Round 2: You Vs. Your Brain


Many experts believe that promoting blood flow to brain tissue by maintaining physical fitness can reduce the risk of damage or deterioration. Animal and human studies have shown that aerobic exercise stimulates the release of growth hormones that may also improve brain function.

In 2017, the United States' National Academies of Sciences reported that, despite advances in understanding dementia, the evidence on treatment and prevention interventions “remains relatively limited and has significant shortcomings.” The idea that increased physical activity may delay or slow age-related cognitive decline is supported by “encouraging but inconclusive evidence,” the report concluded. This was due in part to the small sample of subjects.

In Round 1: You Vs. Your Brain, I wrote about research being conducted by the  University of Texas' O’Donnell Brain Institute lead by senior author and  neurology professor, Rong Zhang.

His team is now involved in an ongoing five-year trial involving more than 600 older adults at high risk for Alzheimer’s disease due to family history and other factors. The research, which is taking place at six medical schools across the USA, aims to determine whether specific exercise routines—paired with blood pressure and cholesterol lowering medication, can reduce the risk of dementia.

Ozioma Okonkwo, assistant professor of medicine at the University of Wisconsin School of Medicine and Public Health (USA) is also studying the effect of exercise and maintaining a healthy brain. Okonkwo research has shown that the brain benefits of exercise go beyond disease prevention. People who exercise have greater brain volume in areas of the brain associated with reasoning and executive function. “We’ve done a series of studies showing that increased aerobic capacity boosts brain structure, function and cognition,” he says, “Other people have found exercise can improve mood.” Okonkwo’s research has also shown that exercise can diminish the impact of brain changes on cognition, not just prevent it.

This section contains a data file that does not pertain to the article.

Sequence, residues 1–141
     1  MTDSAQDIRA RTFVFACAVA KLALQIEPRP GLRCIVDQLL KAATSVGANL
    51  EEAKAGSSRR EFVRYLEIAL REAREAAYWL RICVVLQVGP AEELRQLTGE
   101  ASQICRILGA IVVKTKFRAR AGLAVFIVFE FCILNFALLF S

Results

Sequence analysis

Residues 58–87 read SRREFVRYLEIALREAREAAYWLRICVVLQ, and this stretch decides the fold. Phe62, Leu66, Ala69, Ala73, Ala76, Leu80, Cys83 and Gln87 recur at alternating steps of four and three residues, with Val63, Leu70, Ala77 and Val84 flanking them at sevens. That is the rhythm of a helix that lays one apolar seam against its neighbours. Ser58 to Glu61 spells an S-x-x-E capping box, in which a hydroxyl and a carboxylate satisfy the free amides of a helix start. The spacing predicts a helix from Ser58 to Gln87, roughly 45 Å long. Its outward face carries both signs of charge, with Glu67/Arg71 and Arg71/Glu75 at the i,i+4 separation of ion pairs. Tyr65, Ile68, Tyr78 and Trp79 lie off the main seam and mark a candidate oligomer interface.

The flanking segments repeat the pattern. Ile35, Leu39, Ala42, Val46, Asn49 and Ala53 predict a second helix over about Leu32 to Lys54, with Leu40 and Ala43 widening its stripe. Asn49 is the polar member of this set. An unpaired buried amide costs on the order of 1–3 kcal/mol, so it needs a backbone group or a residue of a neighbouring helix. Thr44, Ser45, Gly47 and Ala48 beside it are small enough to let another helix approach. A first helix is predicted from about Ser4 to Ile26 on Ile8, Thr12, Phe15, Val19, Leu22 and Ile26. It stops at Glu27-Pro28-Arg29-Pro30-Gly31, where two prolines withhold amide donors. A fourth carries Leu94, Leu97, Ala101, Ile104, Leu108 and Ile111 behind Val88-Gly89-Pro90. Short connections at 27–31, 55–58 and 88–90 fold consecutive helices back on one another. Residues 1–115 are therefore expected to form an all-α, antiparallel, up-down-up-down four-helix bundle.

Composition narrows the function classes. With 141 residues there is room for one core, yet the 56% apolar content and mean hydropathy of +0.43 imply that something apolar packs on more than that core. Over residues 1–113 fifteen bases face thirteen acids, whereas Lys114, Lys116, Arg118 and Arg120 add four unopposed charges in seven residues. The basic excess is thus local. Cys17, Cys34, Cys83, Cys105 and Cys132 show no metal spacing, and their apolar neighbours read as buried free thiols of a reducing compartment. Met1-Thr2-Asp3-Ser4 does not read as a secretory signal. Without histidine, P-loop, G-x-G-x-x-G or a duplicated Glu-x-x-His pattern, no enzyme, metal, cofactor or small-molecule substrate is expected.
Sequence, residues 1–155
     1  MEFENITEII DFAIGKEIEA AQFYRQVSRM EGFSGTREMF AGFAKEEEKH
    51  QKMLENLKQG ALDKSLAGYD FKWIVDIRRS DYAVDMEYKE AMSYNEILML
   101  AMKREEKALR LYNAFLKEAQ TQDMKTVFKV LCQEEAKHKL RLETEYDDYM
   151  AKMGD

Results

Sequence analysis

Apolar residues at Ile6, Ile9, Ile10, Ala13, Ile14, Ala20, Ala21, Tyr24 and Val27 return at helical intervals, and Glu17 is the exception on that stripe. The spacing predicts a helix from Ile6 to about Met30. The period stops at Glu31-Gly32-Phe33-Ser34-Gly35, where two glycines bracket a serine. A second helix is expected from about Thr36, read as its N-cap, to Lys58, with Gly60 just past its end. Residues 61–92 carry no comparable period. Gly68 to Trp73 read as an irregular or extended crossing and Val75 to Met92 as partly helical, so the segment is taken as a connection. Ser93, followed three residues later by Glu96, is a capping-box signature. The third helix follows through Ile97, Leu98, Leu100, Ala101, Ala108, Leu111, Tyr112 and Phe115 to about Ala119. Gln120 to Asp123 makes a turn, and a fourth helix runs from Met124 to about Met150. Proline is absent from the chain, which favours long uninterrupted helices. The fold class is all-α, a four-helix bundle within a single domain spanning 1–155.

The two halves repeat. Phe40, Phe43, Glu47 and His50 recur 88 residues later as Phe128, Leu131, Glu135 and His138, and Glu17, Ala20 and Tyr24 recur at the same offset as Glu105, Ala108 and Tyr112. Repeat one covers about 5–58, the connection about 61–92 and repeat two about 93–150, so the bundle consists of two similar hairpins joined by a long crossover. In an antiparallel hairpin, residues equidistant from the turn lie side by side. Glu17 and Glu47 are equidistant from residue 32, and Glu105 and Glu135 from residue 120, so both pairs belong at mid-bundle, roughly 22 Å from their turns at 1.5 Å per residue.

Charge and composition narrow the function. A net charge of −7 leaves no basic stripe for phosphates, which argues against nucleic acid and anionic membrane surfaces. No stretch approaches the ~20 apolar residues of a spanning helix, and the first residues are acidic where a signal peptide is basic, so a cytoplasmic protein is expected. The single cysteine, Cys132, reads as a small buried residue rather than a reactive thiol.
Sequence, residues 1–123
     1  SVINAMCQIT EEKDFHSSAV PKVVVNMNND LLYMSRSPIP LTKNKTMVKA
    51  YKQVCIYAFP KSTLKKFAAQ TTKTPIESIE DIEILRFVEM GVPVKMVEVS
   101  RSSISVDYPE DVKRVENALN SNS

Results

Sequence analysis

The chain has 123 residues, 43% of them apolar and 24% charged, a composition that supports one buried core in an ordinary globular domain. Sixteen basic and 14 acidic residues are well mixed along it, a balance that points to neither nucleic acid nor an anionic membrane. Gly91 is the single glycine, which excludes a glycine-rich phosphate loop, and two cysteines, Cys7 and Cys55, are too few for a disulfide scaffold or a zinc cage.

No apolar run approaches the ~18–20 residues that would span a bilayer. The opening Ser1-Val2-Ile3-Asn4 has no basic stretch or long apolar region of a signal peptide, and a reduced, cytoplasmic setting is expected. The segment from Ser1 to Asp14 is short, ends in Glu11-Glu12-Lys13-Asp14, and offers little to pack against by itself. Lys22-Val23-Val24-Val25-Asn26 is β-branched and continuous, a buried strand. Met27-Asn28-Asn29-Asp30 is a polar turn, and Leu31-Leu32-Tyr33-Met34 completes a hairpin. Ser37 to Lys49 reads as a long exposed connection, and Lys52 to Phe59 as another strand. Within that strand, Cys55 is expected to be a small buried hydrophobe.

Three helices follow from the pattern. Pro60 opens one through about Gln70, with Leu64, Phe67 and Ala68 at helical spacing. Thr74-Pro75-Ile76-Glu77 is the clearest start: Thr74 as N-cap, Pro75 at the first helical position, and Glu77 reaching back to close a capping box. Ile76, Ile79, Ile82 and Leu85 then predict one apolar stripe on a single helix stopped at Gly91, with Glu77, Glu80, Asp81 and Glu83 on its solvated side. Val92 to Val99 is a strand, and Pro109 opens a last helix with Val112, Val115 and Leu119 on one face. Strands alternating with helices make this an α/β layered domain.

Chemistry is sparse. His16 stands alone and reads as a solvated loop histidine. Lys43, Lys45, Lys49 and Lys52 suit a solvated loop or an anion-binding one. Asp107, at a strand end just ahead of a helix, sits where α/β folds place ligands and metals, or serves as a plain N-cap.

Aerobic exercise, like running or cycling, appears to be beneficial for brain health because it increases a person’s heart rate, “which means the body pumps more blood to the brain,” says Okonkwo. 

Strength training, like weight lifting, may also bring benefits to the brain by increasing heart rate. The link between resistance training and better brain health is not as established, but research in the area is growing. For now though, aerobic exercise that involves strength and speed aspects, seems to combine the best of both worlds.

Ding. Box on!